• More press releases collected automatically We’ll be scraping more press releases from the web as we find them. If you know of any good places to find them please let us know
  • More news articles to compare With more resources we’d be able to provide comparisons of the local press as well as the national, by extending the reach of Then we could cover specialist and trade press. Then international…. (OK, we’ll need to draw the line somewhere)
  • Exposing probable churn by cross correlating news articles If we cross correlated news articles using the same methodology we would identify clusters of articles that overlap with one another. This could indicate that these articles may be based on press release. We could then appeal for help to find the release
  • Linking with Now is up and running we can work out how best to link it to We could, for example, indicate when a journalist’s article looks like it might be churn, and link directly from the article on to the press release on which it might be based
  • The Daily Churn Once there are enough people using churnalism, and exposing good churn reasonably quickly, then we’ll be able publish a ‘Daily Churn’, highlighting newspapers and articles that day that appear to be churn.

Tell us what you’d add to this wishlist by emailing

Written by Martin Moore

February 23rd, 2011 at 6:44 pm

New New Journalisted now live

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Hooray! We’ve just launched a *new, improved, fresh faced Journalisted (*. Apart from looking cleaner and more well scrubbed, we’ve added a bunch of stuff to the new site to make it – we hope – that much more useful:

- *Compare journalists who write similar articles*. Our clever semantic search tool compares the articles of all national news journalists and identifies journalists who write stories about similar subjects. Andrew Grice (The Independent), Andrew Sparrow (The Guardian), and Andrew Porter (The Daily Telegraph) – for example – as well as sharing the same first name, also all write about Westminster politics. Richard Littlejohn, Peter McKay, Peter Oborne, Macer Hall and others all tend to write trenchant pieces on the government and Gordon Brown. Charlie Brooker, who writes a TV and a feature column, pens pieces similar to Anna Pickard and Sam Wollaston (the TV ones) but also Paul Carr and Hugo Rifkind (the technology and features types stuff). It gets even more fun if you do one degree of separation but that’s for those with far too much time on their hands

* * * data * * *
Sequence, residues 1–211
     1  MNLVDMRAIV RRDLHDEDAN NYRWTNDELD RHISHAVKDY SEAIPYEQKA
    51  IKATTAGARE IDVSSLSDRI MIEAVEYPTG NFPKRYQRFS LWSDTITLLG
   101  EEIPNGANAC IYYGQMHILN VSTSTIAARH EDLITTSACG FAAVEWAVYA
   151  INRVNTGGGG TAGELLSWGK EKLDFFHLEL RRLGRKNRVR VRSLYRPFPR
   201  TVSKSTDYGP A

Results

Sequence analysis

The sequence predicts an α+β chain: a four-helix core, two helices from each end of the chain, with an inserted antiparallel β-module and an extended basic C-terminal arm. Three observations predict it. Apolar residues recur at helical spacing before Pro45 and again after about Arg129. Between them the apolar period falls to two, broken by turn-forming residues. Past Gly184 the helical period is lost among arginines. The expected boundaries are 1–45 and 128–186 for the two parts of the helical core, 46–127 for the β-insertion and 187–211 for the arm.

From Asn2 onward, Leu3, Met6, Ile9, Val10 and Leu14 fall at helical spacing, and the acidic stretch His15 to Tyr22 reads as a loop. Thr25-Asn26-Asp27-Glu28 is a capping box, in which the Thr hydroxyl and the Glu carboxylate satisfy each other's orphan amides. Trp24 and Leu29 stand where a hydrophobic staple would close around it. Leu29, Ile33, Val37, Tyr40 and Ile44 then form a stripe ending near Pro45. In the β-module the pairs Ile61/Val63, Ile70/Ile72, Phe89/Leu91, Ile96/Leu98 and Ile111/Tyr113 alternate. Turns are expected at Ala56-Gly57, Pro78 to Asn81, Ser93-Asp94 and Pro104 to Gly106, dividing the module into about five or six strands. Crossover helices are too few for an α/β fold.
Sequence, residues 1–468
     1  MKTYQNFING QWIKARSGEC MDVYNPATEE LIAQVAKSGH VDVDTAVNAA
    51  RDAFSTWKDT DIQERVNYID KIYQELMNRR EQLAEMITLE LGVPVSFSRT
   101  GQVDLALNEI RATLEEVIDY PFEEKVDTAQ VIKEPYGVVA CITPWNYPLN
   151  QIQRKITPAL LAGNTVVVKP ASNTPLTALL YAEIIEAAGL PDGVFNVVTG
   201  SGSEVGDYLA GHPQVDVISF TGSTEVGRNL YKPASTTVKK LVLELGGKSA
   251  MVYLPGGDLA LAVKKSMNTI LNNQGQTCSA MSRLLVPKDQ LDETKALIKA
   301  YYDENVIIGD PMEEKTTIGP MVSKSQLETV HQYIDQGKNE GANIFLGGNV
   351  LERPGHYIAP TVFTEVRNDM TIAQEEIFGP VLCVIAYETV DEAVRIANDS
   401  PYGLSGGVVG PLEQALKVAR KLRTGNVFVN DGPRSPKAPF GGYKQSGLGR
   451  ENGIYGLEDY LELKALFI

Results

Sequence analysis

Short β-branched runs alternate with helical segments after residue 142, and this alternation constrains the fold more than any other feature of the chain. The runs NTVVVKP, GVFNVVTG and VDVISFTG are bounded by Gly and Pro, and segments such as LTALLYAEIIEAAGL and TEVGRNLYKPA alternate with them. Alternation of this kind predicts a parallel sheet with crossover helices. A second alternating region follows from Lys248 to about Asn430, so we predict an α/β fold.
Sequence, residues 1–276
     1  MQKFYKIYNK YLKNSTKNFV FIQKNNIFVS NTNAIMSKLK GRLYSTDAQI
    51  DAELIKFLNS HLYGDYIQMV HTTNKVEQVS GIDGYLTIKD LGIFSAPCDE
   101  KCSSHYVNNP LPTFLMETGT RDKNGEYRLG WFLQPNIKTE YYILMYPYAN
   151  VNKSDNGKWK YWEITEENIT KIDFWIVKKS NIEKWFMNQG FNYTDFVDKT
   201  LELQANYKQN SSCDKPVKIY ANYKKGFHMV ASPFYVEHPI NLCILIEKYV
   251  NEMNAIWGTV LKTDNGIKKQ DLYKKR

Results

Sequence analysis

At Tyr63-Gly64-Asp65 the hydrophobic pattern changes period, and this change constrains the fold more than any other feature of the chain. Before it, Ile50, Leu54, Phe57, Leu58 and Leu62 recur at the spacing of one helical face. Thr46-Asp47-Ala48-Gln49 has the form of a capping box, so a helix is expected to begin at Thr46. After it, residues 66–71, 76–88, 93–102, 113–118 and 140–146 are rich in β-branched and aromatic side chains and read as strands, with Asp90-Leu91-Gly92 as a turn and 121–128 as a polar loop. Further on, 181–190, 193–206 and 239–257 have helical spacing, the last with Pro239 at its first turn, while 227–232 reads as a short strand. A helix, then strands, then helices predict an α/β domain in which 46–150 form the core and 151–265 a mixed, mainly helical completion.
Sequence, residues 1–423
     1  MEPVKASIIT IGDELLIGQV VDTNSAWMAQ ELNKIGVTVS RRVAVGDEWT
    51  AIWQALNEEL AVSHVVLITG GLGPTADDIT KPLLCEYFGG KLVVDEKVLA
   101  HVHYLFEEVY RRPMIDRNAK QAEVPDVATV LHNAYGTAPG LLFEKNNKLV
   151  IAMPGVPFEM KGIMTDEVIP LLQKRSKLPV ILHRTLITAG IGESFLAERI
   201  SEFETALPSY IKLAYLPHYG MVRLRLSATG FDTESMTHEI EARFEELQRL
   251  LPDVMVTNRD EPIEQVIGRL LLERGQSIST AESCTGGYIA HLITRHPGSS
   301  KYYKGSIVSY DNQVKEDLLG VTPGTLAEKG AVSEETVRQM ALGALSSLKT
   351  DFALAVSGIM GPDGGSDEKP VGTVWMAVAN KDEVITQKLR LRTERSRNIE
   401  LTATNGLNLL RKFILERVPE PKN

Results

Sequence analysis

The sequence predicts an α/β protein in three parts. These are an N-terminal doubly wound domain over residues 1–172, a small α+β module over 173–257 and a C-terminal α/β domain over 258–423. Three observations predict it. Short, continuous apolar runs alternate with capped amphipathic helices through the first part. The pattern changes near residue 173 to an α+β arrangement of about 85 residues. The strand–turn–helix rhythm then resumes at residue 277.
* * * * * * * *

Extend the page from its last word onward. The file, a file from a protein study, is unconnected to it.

- *Read similar articles by other journalists*. Click on an article and you can not only see people who are blogging about it or commenting on it, but read similar articles by other journalists. This is meant to help in three ways: (1) You can compare facts – e.g. on swine flu cases, on political revelations, crime etc (2) You can compare opinions – about books, people or politics, (3) You can see who is churning out press releases (because their articles will bear a remarkable similarity to wire copy in other papers)

- *Link to more biographical info*. We’ve made it alot easier for journalists – and the public – to send us more links to Wikipedia pages, Facebook profiles, Twitter accounts, you name it. And we’re going to encourage people to send links to prizes won, books written etc.